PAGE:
Remembering my life as a plumber's helper
I recently had breakfast with an old friend and former boss. Jeff is a third generation plumber. Back when I worked for him, he was working for his dad. We were both poor back then. (I still am.) Admission to the local cinema was $1 on Tuesdays, and Jeff used to call me sometimes after work and say, "It's plumbers' night at the movies! Wanna go?" When his dad retired Jeff and his brother split the company, and both of them have done exceptionally well.
Here's the story of how I got the job. Jeff and I went to the same church. He was helping lead the youth group that I was part of. On Wednesday after the regular youth meetings a group of us would meet for prayer. I was about to graduate from high school and was planning to attend the University of Southern Mississippi in the fall. I asked my friends to pray that I would get a good summer job. Jeff asked us to pray that he would find a good Christian helper. We all prayed fervently and somenow it didn't occur to any of us that our prayer was already answered. A couple of weeks later my mom suggested, "Why don't you ask Jeff if he's hiring?" I took her suggestion and ended up getting the job. It was quite a while later that we remembered the prayer meeting, put it all together, and laughed about it. We imagined that God was up there saying, "Ok guys, what do I have to do to make this more obvious for you?"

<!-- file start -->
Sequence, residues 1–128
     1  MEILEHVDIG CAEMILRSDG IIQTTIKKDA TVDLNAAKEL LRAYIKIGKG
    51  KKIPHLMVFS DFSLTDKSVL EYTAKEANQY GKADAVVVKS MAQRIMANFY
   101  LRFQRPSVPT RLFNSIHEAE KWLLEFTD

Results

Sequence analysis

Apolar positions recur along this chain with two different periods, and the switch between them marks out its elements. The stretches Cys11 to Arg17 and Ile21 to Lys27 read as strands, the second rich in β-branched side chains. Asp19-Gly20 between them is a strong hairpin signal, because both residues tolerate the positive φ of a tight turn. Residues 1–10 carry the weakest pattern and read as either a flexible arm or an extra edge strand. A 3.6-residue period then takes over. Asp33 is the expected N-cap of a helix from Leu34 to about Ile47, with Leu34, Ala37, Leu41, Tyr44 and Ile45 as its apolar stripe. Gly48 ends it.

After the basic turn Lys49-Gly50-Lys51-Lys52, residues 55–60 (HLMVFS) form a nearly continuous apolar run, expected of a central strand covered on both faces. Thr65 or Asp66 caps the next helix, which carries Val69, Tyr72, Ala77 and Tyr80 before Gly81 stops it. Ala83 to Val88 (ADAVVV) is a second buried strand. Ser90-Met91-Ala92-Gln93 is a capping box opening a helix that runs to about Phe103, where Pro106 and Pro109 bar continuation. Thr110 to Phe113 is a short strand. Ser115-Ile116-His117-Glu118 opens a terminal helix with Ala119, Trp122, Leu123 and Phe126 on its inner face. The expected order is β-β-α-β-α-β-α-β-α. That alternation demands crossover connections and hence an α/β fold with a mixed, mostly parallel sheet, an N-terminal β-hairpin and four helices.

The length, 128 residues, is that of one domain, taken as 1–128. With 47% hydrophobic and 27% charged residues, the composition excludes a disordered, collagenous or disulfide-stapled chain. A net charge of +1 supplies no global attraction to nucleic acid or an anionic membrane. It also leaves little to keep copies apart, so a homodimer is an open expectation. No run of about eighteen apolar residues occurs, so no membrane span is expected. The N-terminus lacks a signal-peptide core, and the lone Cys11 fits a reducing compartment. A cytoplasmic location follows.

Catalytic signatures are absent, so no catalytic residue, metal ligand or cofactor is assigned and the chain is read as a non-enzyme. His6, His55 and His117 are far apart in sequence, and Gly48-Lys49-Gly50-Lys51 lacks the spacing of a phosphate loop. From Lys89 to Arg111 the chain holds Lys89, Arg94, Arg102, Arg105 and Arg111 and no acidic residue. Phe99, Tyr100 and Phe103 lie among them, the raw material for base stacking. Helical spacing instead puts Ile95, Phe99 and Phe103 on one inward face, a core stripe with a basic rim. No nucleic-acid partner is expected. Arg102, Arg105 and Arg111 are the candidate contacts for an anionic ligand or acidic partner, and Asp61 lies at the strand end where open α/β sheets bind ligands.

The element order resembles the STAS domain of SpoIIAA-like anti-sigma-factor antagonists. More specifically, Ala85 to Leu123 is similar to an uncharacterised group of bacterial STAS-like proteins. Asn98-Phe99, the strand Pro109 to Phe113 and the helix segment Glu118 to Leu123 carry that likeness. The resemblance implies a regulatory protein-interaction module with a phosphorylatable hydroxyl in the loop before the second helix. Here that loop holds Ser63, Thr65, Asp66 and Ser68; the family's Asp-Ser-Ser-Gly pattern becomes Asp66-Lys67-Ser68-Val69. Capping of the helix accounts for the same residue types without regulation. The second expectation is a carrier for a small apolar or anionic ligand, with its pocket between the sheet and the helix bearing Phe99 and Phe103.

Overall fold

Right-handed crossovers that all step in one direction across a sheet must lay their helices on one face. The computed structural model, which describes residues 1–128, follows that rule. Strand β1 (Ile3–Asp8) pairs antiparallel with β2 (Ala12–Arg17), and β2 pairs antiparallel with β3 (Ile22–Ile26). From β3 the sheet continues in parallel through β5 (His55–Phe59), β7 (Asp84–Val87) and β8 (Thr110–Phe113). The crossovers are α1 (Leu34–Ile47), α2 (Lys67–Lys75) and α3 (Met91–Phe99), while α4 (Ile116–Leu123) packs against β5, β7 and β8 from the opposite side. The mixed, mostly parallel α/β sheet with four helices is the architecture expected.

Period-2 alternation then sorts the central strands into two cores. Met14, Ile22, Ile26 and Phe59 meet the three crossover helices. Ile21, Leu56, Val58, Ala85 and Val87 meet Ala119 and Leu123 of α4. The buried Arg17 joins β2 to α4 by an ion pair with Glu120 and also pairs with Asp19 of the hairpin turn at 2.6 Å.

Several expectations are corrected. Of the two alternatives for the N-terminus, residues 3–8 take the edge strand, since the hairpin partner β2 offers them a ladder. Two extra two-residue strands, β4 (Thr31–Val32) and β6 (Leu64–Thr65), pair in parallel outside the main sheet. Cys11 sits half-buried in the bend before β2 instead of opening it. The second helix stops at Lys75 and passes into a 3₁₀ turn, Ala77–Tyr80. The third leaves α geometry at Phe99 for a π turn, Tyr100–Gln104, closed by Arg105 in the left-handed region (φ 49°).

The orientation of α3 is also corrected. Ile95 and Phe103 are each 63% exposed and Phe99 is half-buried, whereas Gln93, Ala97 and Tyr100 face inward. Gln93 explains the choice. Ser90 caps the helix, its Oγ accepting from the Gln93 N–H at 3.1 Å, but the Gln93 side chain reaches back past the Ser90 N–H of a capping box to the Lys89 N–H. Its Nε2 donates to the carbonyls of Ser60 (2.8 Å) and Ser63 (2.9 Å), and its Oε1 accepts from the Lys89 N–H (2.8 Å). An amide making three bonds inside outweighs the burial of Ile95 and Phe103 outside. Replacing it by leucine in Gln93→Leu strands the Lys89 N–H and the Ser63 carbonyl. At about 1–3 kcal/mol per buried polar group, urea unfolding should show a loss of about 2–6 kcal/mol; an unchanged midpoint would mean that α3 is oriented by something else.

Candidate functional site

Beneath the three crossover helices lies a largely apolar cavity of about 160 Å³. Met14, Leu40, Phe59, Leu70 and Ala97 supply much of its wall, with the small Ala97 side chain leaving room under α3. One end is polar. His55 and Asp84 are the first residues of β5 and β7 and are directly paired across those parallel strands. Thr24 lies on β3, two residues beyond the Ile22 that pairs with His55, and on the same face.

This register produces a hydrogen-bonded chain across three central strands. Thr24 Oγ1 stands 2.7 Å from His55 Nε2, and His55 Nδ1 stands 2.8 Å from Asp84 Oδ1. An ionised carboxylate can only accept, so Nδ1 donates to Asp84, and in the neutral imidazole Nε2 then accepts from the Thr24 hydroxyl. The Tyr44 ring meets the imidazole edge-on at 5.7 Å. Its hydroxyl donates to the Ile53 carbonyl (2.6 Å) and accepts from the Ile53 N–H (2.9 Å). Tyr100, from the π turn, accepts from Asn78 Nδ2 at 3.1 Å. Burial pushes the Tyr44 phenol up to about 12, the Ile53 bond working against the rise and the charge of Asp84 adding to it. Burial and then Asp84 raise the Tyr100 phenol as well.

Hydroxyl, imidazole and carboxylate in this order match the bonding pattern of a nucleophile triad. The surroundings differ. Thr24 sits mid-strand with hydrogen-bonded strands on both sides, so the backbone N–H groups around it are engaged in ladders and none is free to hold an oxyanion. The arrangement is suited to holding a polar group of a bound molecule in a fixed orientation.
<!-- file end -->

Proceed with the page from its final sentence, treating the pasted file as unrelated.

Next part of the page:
I ended up working for Jeff that summer and off and on through my college years. I dug trenches, busted concrete, soldered pipes, and ran out in the truck to pick up supplies. I've never had a knack for working with my hands, but I worked hard and learned a lot -- though not necessarily about plumbing. For example, I learned to appreciate coffee while drinking the free stuff out of little styrofoam cups at the plumbing supply houses. (Associative logic rabbit trail: Reminds me of the W. C. Fields quote: "A woman drove me to drink and I didn't even have the decency to thank her.") I learned to recognize the smell of marijuana. I had had almost no contact with that kind of kids in high school, but many of my co-workers on the construction site were toking at work in those days. One of them was doing community service to pay for a drug conviction, but that didn't stop him. And that wasn't the only new lifestyle I was exposed to. We installed the plumbing in some rich folks' houses, and I was intrigued by the glimpse that it gave me into their world.
As Jeff and I reminisced together last week at the Broken Egg (a fantastic little restaurant near the Lakeshore in Mandeville, by the way), we found a lot to laugh about. For instance, I reminded him of the time that he asked me to blow on a copper pipe to get the excess moisture out so that the solder would seal up the joint. The pipe was still hot from his torch, and as soon as I touched it to my mouth I yelped and jumped back sporting a bright red circle around the center of my lips. Once the pain subsided enough for me to see the humor of it, I said, "Wow, I've never been kissed like that before!"
Jeff has experienced heavy heartache and abundant blessings during the last 20 years, and I'm always encouraged when I get together with him to see that he's still faithfully following Jesus. It was especially thrilling to me to hear his powerful testimonies from a recent missions trip he took into the Amazon jungle.